Approved and Investigational Uses of Modafinil
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- Kumar, R. Drugs (2008) 68: 1803. doi:10.2165/00003495-200868130-00003
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Modafinil is a wake-promoting agent that is pharmacologically different from other stimulants. It has been investigated in healthy volunteers, and in individuals with clinical disorders associated with excessive sleepiness, fatigue, impaired cognition and other symptoms. This review examines the use of modafinil in clinical practice based on the results of randomized, double-blind, placebo-controlled clinical trials available in the English language in the MEDLINE database. In sleep-deprived individuals, modafinil improves mood, fatigue, sleepiness and cognition to a similar extent as caffeine but has a longer duration of action. Evidence for improved cognition in non-sleep-deprived healthy volunteers is controversial.
Modafinil improves excessive sleepiness and illness severity in all three disorders for which it has been approved by the US FDA, i.e. narcolepsy, shift-work sleep disorder and obstructive sleep apnoea with residual excessive sleepiness despite optimal use of continuous positive airway pressure (CPAP). However, its effects on safety on the job and on morbidities associated with these disorders have not been ascertained. Continued use of CPAP in obstructive sleep apnoea is essential. Modafinil does not benefit cataplexy.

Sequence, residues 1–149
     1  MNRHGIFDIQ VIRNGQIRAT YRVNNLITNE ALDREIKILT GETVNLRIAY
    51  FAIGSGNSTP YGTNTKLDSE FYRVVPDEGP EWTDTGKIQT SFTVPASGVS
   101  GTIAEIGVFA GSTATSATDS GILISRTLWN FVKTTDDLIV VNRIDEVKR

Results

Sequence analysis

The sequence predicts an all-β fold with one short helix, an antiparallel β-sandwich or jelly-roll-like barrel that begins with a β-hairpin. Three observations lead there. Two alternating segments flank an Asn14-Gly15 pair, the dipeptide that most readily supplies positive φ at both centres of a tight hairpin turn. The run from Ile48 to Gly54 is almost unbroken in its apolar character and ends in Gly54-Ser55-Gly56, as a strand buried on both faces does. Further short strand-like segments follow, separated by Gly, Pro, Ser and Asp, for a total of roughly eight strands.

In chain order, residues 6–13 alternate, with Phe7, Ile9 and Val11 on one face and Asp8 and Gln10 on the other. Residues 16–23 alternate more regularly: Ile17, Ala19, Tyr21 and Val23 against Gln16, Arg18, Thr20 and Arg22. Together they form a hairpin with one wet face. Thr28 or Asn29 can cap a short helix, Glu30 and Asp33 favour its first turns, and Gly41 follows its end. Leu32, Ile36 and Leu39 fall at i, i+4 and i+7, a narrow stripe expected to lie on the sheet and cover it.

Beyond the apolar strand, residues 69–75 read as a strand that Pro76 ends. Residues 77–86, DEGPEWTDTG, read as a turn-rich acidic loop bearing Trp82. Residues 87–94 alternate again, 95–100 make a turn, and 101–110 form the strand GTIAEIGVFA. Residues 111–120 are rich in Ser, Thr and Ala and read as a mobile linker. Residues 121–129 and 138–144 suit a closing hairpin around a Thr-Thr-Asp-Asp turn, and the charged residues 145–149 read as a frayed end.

In very small, short-term trials, modafinil improved excessive sleepiness in patients with myotonic dystrophy. It was efficacious in fairly large studies of attention deficit hyperactivity disorder (ADHD) in children and adolescents, and was as efficacious as methylphenidate in a small trial, but has not been approved by the FDA, in part because of its serious dermatological toxicity. In a trial of 21 non-concurrent subjects, with 2-week treatment periods, modafinil was as effective as dexamfetamine in adult ADHD. Modafinil was helpful for depressive symptoms in bipolar disorder in a trial that excluded patients with stimulant-induced mania. A single dose of modafinil may hasten recovery from general anaesthesia after day surgery. A single dose of modafinil improved the ability of emergency room physicians to attend didactic lectures after a night shift, but did not improve their ability to drive home and caused sleep disturbances subsequently.
Modafinil had a substantial placebo effect on outcomes such as fatigue, excessive sleepiness and depression in patients with traumatic brain injury, major depressive disorder, schizophrenia, post-polio fatigue and multiple sclerosis; however, it did not provide any benefit greater than placebo.
Trials of modafinil for excessive sleepiness in Parkinson’s disease, cocaine addiction and cognition in chronic fatigue syndrome provided inconsistent results; all studies had extremely small sample sizes. Modafinil cannot be recommended for these conditions until definitive data become available.
Modafinil induces and inhibits several cytochrome P450 isoenzymes and has the potential for interacting with drugs from all classes. The modafinil dose should be reduced in the elderly and in patients with hepatic disease. Caution is needed in patients with severe renal insufficiency because of substantial increases in levels of modafinil acid. Common adverse events with modafinil include insomnia, headache, nausea, nervousness and hypertension. Decreased appetite, weight loss and serious dermatological have been reported with greater frequency in children and adolescents, probably due to the higher doses (based on bodyweight) used. Modafinil may have some abuse/addictive potential although no cases have been reported to date.